The chief complaint usually is best elicited by asking “What kind of problem are you having?” or “How can I help you?” It is important to listen carefully to the way the patient responds to this question and to allow her to fully explain her complaint. The patient should be interrupted only to clarify certain points that may be unclear.
Each of the problems the patient describes must be obtained in detail by questioning regarding what exactly the problem is, where exactly the problem is occurring, the date and time of onset, whether the symptoms are abating or getting worse, the duration of the symptoms when they do occur, and how these symptoms are related to or influence other events in her life. For example, the site, duration, and intensity of pain must be accurately described. Getting a sense of how the pain affects her life often is helpful in evaluating the intensity of pain: “Does the pain prevent you from standing or walking?”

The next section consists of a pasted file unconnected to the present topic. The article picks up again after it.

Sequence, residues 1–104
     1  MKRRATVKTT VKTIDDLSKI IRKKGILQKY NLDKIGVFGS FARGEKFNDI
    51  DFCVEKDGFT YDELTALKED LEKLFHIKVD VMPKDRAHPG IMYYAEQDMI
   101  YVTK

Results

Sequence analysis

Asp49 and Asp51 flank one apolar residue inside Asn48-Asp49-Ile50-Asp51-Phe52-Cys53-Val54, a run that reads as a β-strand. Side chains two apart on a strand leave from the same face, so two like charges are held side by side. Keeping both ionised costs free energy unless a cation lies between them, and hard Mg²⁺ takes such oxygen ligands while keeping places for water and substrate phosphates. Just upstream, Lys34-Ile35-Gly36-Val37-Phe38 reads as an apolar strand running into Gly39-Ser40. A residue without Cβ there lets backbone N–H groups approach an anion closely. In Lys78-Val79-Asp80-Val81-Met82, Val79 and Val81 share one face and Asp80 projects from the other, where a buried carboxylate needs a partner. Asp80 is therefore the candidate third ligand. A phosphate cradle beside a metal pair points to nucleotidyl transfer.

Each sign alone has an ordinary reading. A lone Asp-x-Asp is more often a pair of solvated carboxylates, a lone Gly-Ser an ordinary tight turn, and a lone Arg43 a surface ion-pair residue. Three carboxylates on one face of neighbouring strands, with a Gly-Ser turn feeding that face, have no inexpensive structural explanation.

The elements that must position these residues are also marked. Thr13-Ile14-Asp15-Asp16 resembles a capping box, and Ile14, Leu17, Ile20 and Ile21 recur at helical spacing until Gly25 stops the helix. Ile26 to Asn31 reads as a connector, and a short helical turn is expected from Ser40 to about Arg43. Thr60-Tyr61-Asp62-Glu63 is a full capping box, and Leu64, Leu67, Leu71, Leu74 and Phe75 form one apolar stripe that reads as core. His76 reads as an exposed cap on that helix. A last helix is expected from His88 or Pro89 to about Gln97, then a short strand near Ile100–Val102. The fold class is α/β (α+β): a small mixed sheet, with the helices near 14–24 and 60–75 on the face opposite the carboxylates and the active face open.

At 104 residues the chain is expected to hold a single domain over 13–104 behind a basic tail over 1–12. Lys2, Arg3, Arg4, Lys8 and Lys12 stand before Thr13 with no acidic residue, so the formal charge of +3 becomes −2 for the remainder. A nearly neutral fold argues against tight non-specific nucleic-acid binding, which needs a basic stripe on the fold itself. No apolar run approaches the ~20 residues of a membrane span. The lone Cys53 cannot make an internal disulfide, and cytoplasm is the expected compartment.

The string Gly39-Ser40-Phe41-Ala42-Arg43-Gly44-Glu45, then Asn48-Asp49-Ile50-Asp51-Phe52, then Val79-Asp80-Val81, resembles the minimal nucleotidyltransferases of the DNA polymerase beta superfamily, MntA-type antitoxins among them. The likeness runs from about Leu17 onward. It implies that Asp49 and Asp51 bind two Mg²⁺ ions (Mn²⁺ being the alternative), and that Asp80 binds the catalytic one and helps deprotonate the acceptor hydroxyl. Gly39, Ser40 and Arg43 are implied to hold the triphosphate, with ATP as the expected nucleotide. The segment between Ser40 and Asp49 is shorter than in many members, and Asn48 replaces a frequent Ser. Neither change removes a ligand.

It is important to maintain eye contact with the patient and to listen to every word. Do not rely on a patient's sophistication as a measure of her knowledge of anatomy and medical terminology. It is important for the physician to judiciously adjust the level of terminology according to the patient's knowledge and vocabulary. Communicating with the patient in this manner may help the physician obtain an accurate history and establish rapport.
In addition to physiologic events and the life cycle, symptoms described could be related to starting a new job, the beginning of a new relationship or difficulties in the current relationship, an exercise regimen, new medication, and any emotional changes in the patient's life.
After the physician is satisfied that all possible information concerning the present illness and the important corollaries has been obtained, the past history should be elicited.